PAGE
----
Shortly after the world’s largest trading bloc agreed to put a partial embargo on Russian crude, Moscow committed to finding new importers. The European Union announced recently that most Russian oil imports will be banned by the end of the year as part of the new sanctions aimed at penalizing Russia for its unjustified invasion of Ukraine.
EU foreign policy leader Josep Borrell praised the measure, calling it a “landmark step to weaken Putin’s war machine. It applies to Russian oil imported by sea, with an exception made for shipments supplied by pipeline due to Hungary’s opposition. The EU’s long-delayed sixth tranche of measures against Russia requires unanimous consent from all 27 member states and is still awaiting formal ratification.
In response to the sanctions, Russia’s permanent envoy to international organisations in Vienna, Mikhail Ulyanov, said the oil embargo had a negative impact on the bloc. As she accurately stated yesterday, Ulyanov said on Twitter, referring to European Commission President Ursula von der Leyen, that Russia is going to explore new buyers and it is worth noting that she now contradicts her own comments. A very rapid shift in thinking suggests that the EU is in bad shape, he continued.
The EU’s von der Leyen applauded the bloc’s accord on Russian oil sanctions. She said that the policy will effectively cut roughly 90% of Russian oil imports to the EU by the end of the year and that the remainder 10% of pipeline oil will be addressed soon.
Russia accounts for over 36% of the EU’s oil imports, a country with a massively disproportionate influence in global oil markets. Russia is, without a doubt, the world’s third-largest oil producer, trailing only the United States and Saudi Arabia, as well as the world’s largest crude exporter. It also makes and ships out a lot of natural gas.
Ukraine has repeatedly demanded that the EU impose a complete embargo on Russian oil and gas, despite the fact that energy-importing countries continue to fund Putin’s war chest on a daily basis. KajaKallas, Estonia’s prime minister, called on the EU to go even farther in the next round of sanctions and to examine the possibility of a Russian gas embargo. However, Austria’s chancellor, Karl Nehammer, has flatly rejected this concept, stating that it would not be discussed in the next round of reforms.
The split comes as Gazprom, Russia’s state-owned energy giant, has completely cut off supplies to GasTerrra, a Dutch gas trader, and Orsted, Denmark’s state-owned energy company, has threatened that supplies will be cut off as well.
As good as it could possibly be
Brent crude oil prices increased by 1.5% to $123.48 per barrel, while West Texas Intermediate futures increased by 3% to $118.56. In response to the Kremlin’s onslaught, European Council President Charles Michel said the oil sanctions agreement confirmed the bloc’s unity.It had been assumed that failure to reach any sort of agreement would be viewed as a triumph for Putin.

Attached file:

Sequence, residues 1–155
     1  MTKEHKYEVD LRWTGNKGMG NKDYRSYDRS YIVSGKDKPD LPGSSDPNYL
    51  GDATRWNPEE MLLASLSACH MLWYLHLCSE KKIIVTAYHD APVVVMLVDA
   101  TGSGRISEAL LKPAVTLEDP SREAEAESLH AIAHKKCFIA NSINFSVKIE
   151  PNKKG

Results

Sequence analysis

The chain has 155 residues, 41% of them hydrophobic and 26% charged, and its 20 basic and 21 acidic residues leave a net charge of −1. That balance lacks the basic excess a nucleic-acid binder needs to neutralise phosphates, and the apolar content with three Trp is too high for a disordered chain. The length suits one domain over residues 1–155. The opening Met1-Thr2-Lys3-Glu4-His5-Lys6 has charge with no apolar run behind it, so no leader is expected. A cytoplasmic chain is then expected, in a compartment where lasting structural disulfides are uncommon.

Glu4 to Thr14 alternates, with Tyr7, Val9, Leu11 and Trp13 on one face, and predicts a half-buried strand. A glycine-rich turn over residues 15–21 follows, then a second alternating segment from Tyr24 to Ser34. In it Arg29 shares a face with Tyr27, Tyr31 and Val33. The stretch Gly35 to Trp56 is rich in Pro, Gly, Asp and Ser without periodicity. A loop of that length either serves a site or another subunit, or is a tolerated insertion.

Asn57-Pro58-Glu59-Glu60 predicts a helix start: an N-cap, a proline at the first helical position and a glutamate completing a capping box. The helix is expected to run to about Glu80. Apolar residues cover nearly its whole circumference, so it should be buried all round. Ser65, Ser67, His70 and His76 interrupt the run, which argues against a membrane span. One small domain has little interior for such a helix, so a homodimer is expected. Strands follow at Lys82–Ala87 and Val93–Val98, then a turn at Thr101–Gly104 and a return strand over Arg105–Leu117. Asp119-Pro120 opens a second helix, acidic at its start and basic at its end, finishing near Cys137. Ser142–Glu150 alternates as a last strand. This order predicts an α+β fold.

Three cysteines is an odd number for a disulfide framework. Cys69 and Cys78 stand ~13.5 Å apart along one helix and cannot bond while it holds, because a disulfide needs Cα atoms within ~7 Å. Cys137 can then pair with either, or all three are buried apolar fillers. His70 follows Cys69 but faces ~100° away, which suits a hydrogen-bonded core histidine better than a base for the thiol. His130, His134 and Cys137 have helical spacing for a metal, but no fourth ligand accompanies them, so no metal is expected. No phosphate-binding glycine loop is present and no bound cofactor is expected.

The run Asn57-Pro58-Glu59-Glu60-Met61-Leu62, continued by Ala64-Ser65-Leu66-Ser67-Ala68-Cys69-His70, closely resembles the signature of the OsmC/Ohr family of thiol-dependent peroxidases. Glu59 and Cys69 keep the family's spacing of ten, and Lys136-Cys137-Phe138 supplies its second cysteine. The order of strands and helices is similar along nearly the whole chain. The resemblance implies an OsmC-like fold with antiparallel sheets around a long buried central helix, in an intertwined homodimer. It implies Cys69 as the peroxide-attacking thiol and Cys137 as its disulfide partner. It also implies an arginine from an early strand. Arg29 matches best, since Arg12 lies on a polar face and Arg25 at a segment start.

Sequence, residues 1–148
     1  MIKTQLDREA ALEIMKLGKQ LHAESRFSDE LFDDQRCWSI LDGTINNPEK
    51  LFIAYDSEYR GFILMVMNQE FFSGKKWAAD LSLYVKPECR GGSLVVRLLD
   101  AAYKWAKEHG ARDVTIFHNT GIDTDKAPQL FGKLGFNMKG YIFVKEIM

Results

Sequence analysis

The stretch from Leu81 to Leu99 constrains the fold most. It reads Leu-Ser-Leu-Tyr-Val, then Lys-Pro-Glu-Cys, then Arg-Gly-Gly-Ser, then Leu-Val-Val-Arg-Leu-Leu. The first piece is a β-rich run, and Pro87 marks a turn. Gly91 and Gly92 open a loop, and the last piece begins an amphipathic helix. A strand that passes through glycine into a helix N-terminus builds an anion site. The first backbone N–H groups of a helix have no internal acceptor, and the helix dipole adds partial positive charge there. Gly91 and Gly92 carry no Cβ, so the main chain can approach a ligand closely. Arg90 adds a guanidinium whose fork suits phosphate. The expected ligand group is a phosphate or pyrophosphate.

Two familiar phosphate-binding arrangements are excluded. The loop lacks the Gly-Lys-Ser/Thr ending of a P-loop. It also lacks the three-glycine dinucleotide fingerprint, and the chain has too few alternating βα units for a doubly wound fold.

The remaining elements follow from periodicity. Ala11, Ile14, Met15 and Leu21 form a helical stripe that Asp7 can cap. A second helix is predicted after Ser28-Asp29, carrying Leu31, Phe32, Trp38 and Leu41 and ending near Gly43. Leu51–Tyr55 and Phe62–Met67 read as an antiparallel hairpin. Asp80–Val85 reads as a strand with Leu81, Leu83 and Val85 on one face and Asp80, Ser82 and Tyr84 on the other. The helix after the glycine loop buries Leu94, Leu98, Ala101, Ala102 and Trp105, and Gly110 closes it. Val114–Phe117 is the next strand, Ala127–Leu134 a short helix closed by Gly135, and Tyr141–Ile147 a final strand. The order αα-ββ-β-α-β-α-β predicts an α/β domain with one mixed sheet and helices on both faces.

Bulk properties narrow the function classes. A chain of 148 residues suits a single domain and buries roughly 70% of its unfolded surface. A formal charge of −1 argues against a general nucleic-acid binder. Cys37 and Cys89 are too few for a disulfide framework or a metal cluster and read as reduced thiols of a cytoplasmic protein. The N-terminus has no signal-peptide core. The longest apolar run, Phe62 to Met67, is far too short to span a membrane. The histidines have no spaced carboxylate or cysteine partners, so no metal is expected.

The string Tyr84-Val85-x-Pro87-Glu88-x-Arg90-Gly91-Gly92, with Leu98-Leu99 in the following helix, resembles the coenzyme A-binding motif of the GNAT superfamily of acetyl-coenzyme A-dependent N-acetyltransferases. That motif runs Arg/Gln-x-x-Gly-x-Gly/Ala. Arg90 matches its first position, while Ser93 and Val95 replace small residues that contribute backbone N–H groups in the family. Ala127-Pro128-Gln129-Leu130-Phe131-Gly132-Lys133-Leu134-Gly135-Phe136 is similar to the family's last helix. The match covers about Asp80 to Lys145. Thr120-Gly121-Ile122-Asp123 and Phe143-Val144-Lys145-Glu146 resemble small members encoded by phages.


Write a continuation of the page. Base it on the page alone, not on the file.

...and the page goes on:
Adi Imsirovic, senior research researcher at the Oxford Institute for Energy Studies, said that he believes it is as excellent as could be accomplished. According to Imsirovic, the EU’s decision opens the door for the bloc and the US to increase pressure on other energy-importing countries, including India, to impose similar sanctions on Russian oil.
Previously, it was impossible since it is difficult to expect India, for example, to reduce its imports if Europe does not do so. So, from a political standpoint, he believes this is critical, he remarked. According to Reuters, which cites Refinitiv Eikon statistics, India, the world’s third-largest oil importer, saw its crude imports from Russia steadily rise after Russia invaded Ukraine in late February.
In the aftermath of the Kremlin’s conflict in Ukraine, Asia’s third-largest economy has rebuffed accusations of its ongoing purchases of Russian energy, claiming that an abrupt halt to Russian oil imports would harm its consumers. Separately, Reuters reported that China has been secretly increasing its imports of Russian oil at lower prices, citing shipping statistics and anonymous oil dealers. It appears to indicate that the world’s largest crude importer is attempting to fill the void left by Western purchasers cutting connections with Russia over the humanitarian catastrophe in Ukraine.
What else has been suggested?
In addition to the EU’s oil sanctions, the group agreed to remove Sberbank, Russia’s largest bank, from the SWIFT messenger service and to ban three additional state-owned channels.
There is also a ban on EU companies insuring and reinsuring Russian ships, according to von der Leyen. The other issue that hasn’t gotten much attention is that this package will almost definitely contain a ban on shipping insurance.
He calculated that over 95% of Russian oil transport insurance was handled in Europe, particularly in London. Therefore, not only would that harm Russian exports to Europe right now, but it would impact Russian exports anywhere else as well. Restricted access to capital markets; the freezing of Russia’s central bank assets; the exclusion of Russian banking firms from SWIFT; and the prohibition of Russian coal and other commodities imports were among the five previous rounds of sanctions.